Monday, December 26th, 2011:
One of the things that drew us to this project was a desire to simplify our lives through paring down our belongings. While liberating, we knew that this would be one of the biggest challenges of the entire tiny house experience. With construction complete, we took a deep breath, squared our shoulders -revisited The Story of Stuff a couple of times- and dug in.
We had a basic plan of attack -categorize our stuff into four areas: Stuff to be Gifted; Stuff to be Donated; Stuff to be Stored-long-term-for-future-use; and Stuff to Join Us in the Tiny House. While simple, the plan turned out to be every bit as hard as anticipated.
We’ve been gifting many belongings throughout the past year, which has been enjoyable. Deciding what belongings to take with us in the Tiny House has been exciting as well. The hard part turned out to be deciding what things we’d choose to keep in the limited long-term storage space offered by Gabby’s Mom and what we’d donate to the local Goodwill store.
The desire to hold on to “keepsakes” can be overwhelmingly strong, but what do things really mean to us, anyway? Attaching a memory or an emotion to an item is likely fairly common to most. For us, this resulted in box upon box of things competing for a pardon as we lined them of for the chop.
While often difficult, the experience was a great exercise in examining each belonging with a deliberate and critical eye. Utilitarianism became our marching orders, and when some thing tugged at our heart-strings it was set aside to be reconsidered at another time. Some items needed to go through the ‘set aside and reexamine’ process several times before we were able to come to terms with its keeping or giving up. The secret weapon ended up being the ability to truly give ourselves permission to look at our things with intentionality.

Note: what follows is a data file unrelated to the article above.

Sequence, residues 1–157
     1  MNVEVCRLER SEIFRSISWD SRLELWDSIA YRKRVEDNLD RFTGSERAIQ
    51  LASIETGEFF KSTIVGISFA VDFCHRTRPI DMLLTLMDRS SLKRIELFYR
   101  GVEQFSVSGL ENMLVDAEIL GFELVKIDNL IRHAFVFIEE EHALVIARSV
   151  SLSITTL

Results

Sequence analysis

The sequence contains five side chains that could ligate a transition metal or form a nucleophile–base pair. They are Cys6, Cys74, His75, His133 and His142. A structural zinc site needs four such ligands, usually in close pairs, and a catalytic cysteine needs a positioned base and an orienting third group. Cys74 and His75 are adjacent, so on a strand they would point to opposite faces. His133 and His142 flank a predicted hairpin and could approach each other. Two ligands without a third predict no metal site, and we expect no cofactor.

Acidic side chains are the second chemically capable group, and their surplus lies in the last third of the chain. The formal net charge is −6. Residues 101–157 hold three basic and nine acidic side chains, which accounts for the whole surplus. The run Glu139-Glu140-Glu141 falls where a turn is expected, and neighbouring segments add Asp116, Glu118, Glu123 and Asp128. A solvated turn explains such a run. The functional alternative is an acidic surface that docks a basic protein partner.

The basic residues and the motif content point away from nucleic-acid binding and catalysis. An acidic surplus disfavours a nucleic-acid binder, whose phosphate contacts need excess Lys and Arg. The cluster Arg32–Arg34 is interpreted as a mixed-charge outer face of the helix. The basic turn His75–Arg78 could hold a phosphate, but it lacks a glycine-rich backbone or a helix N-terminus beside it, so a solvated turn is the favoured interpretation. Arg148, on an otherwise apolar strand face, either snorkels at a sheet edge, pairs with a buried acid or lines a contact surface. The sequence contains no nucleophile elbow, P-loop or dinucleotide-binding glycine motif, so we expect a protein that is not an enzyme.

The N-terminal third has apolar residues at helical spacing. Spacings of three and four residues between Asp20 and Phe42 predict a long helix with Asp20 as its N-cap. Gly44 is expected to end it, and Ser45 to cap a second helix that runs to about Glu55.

Though this was an exhausting process, we have come out the other end with a tiny house containing just the things we need to live and thrive as well as a few storage shelves holding the items that have true family, utilitarian, and sentimental value.
Several truck loads of other items that were really just consuming space in our lives were either given away to friends and family or donated to the Goodwill. While some folks have suggested that we are misguided and have expressed concern about us parting with so much of what we’ve worked to accumulate over the years, the process has been incredibly liberating. We are able to enter this next chapter more lean and light hearted…